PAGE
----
Owner Robert Kraft sat down with Sky Sports News to explain the key aspects to the New England Patriots' remarkable success.
Team owner Robert Kraft, in speaking to Sky Sports before the start of the season, said of Garoppolo: “People wanted to trade for Jimmy, but we wouldn’t do it. We don’t reveal our hand to the competition on how we plan to handle it. But we like having good quality depth management.”
So, what changed?
Brady’s exceptional play, for one. Kraft wasn’t lying, nor was their normally emotionless coach Bill Belichick when he said of Garoppolo following the trade: “I couldn’t ask him to give us any more than he has. The 49ers are getting a good player, a good person and a great teammate. They’re getting a good quarterback.”
The Patriots were hot on their back-up QB and ideally would have loved to keep him around as insurance but as Brady’s seemingly infinite run of success continued, they opted to move Jimmy G on.
“Letting Garoppolo go surprised me,” adds Reinebold. “That’s making a long-term commitment to Brady still being their guy as the Patriots aren’t going to be drafting high all the while Brady and Belichick are there.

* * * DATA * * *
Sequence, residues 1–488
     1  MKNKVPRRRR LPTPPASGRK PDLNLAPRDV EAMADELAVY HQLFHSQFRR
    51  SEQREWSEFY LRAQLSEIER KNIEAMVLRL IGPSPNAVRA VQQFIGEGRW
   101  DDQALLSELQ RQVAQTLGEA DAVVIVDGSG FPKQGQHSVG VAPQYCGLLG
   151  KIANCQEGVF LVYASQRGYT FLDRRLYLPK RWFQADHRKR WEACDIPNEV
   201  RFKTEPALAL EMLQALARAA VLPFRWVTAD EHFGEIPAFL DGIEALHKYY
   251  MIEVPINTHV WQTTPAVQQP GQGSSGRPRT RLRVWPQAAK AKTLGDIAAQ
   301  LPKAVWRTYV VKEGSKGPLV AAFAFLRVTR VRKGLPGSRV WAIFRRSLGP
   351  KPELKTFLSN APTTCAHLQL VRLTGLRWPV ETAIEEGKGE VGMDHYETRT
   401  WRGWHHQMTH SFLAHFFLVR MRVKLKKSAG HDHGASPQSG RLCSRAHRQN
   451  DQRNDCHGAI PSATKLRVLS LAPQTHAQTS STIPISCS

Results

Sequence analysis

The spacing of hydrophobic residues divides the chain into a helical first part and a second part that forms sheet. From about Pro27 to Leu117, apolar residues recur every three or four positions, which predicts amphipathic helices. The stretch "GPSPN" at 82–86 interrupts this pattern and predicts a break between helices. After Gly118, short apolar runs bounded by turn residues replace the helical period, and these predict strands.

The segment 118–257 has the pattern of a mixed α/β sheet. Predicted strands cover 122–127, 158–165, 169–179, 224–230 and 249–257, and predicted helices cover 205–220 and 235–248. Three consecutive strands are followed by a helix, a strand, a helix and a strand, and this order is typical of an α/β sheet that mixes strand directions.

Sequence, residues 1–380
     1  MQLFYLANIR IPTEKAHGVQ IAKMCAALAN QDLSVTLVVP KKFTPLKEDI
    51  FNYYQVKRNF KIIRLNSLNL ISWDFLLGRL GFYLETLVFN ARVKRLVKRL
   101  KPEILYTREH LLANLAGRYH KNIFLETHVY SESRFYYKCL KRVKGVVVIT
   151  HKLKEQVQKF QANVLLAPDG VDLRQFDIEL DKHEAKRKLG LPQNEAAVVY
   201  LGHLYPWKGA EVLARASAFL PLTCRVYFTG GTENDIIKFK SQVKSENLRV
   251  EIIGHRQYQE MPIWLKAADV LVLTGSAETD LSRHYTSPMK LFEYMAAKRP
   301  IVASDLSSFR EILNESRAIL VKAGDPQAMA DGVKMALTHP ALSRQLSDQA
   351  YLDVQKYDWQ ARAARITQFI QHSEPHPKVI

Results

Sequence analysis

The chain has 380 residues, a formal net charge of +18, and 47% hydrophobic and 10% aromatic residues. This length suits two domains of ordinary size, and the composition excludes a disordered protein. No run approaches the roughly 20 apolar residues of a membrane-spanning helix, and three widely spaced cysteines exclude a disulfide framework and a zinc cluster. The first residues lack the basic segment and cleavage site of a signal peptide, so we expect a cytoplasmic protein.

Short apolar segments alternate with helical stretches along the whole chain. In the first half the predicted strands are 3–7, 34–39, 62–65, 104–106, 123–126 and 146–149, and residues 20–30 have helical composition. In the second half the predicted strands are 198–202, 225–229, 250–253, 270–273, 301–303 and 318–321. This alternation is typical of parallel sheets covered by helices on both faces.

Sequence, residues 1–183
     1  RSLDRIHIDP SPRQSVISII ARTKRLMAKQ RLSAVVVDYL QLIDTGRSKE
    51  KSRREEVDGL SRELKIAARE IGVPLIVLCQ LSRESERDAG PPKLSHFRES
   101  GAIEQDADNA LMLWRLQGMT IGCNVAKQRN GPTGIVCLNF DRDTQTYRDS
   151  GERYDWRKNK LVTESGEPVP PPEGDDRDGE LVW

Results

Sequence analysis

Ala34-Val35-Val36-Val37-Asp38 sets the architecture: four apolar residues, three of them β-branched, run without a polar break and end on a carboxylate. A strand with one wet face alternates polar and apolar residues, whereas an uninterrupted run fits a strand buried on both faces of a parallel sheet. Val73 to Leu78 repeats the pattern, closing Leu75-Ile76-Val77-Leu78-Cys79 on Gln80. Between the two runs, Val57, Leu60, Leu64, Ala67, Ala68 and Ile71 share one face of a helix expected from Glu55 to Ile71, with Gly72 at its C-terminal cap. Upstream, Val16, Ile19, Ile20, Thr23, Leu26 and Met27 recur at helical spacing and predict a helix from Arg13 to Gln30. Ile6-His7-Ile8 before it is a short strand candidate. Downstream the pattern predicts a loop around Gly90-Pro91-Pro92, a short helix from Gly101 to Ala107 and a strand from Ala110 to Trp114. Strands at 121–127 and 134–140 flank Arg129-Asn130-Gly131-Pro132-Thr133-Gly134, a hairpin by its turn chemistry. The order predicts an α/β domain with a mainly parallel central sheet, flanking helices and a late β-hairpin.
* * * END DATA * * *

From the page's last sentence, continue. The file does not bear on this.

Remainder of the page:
“Their success always sees them draft near the foot of the first round, and good quarterbacks rarely fall that far, nor do New England normally trade up for one.
“They must have faith in Brady’s ability to continue to play, and find another guy – though maybe not another sixth-rounder! – in the later rounds.”
Since his sixth-round selection in the 2000 draft, Brady has long since ensured his legacy as the G.O.A.T with a record five Super Bowl wins at quarterback, but he is far from satisfied with his lot.
Again, Brady is different, special.
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“He has won rings, yet coaches in New England all say the same thing, that he still sits in the front row of the meetings, takes better notes than anybody, studies harder than anybody,” says Reinebold.
“He still has that hunger like he did in his very first year, that ‘I was a sixth-round draft pick’ edge.
“In say five to 10 years, when New England’s dominance is finally finished – Brady and Belichick walk away – we’ll look back on this and think what an incredible run and wasn’t it cool to be able to watch it.”